• It is well known that institutions are not parent substitutes at all; early and/or permanent institutionalisation will harm social and emotional development of any human being. Autistics are not immune to this effect.
  • The routine-seeking traits of autism lend themselves to institutional damage, as many autistics would find living thousands of completely identical days quite easy.
  • Historically, almost all autistics, particularly those severely affected, were permanently institutionalized from an early age because no one knew what was wrong with them or what to do about them. Having such a child was an embarrassment and, in former times, a possible sign of demonic involvement.
  • After decades of institutional damage (with or without the treatments of that era, usually without), it is unlikely for an autistic to learn to speak, to become socialized or to engage in useful work. This fact has given rise to some statistics saying autistics in institutions never improve.
  • The statistics were used to predict institutionalized autistics were doomed never to learn or grow; however the importance of institutional damage was entirely forgotten and led to the statistics-backed over-mediatized belief autistics never learn speech or socialization at all. Many doctors (including a few older autism experts) firmly believe autistics can't learn these things by themselves, or with just parental assistance (e.g., Jessica Park). These researchers tend to disregard the fact that many autistics can and have done so; they may claim such people were misdiagnosed and were never actually autistic.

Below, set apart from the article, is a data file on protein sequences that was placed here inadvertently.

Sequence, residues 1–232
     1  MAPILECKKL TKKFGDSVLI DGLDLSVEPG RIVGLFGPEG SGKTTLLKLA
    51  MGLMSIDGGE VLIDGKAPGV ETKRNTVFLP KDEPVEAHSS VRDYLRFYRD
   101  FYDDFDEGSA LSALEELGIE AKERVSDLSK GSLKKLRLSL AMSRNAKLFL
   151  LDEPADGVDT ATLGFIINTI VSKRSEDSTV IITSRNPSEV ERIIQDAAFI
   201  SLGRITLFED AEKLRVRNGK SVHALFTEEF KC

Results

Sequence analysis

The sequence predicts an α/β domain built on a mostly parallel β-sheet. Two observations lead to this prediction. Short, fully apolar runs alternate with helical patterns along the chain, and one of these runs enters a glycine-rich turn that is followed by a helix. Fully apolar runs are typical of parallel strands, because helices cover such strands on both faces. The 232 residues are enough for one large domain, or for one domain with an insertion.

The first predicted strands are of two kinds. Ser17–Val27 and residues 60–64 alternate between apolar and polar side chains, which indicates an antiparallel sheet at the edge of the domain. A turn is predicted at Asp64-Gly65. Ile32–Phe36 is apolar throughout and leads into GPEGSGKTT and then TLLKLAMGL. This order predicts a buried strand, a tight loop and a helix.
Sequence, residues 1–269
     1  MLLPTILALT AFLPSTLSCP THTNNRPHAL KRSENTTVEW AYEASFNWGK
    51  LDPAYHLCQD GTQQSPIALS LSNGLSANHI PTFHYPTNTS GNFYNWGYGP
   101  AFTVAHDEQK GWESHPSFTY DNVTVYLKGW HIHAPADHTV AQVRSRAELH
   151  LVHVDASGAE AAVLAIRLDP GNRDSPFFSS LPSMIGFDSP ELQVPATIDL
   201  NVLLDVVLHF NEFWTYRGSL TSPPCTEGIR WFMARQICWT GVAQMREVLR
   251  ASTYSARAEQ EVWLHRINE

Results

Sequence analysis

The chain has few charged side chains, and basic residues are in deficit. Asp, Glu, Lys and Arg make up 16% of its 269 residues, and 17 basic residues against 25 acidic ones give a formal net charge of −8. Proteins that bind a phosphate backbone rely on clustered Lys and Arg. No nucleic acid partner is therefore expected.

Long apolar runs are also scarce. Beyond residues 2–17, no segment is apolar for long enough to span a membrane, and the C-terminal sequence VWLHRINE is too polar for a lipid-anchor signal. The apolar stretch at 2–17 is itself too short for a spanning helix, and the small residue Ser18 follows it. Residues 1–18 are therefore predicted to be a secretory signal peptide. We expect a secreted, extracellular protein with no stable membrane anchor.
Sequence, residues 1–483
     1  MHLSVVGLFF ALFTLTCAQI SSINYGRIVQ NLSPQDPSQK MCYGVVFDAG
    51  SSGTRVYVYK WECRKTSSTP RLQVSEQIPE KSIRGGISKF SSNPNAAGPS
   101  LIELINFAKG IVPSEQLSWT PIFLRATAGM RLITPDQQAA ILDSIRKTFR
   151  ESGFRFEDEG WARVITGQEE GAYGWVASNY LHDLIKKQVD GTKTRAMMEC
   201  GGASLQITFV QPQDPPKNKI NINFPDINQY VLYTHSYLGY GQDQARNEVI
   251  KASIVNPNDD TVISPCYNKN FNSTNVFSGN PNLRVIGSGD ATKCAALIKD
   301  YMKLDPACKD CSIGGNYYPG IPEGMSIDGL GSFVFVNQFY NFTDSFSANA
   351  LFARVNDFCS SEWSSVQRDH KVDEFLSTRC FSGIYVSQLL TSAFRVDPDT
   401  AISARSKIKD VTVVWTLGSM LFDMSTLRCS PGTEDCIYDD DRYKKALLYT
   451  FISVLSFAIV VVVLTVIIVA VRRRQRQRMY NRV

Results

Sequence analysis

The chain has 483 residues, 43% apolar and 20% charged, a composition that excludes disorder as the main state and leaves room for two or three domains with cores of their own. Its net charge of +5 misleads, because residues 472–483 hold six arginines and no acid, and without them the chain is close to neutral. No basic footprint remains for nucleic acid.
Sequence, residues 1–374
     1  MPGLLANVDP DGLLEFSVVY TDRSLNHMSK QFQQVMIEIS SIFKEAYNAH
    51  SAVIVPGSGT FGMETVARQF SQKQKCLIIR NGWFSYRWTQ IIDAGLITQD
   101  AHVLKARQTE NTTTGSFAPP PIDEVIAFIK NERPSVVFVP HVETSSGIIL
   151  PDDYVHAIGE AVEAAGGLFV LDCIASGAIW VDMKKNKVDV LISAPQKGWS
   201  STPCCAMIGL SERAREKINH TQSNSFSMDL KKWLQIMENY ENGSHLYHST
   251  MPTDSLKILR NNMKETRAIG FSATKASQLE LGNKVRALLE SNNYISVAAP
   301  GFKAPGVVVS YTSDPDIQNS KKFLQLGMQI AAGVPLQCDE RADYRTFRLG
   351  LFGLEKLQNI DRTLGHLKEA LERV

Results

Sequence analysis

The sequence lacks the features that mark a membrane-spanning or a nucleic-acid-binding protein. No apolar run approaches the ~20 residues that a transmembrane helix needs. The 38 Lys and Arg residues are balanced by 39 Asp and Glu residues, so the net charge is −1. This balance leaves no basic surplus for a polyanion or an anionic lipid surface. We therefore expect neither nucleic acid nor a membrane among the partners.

It is the opinion of autism rights activists that long-term institutionalisation of autistics denies them the right to potentially lead a normal life on their own. They don't believe there is a way to know who will/won't improve or by how much.

There are now a great many well-documented cases of autistics - living in a family, a group home, or independently - who actually taught themselves the verbal and social skills needed to survive. The argument that such people are rare or misdiagnosed is no longer mainstream in either the scientific literature or the media.

IQ tests are usually performed to predict or confirm permanent institutionalisation of patients who seem to have poor intellect. These IQ tests may gravely underestimate the academic potential of an autistic. For example, if sensory oversensitivity causes distraction during the test (such as the noise of a watch timing the test, the aftershave/perfume of the examiner, etc.) or acute neurological discomfort caused by the moment where routine is broken (such as taking the test in the first place, having to walk into an unknown place, etc.).

There is no way to know which autistic will not be able to acquire verbal and social skills, regardless of the age of the autistic, so autism rights activists do not recommend permanent institutionalisation because they believe it prevents improvement and more often than not causes regression. Autism rights activists believe prognosis is much better in a family than in an institution even at the "lowest" level of functioning.

See also

External links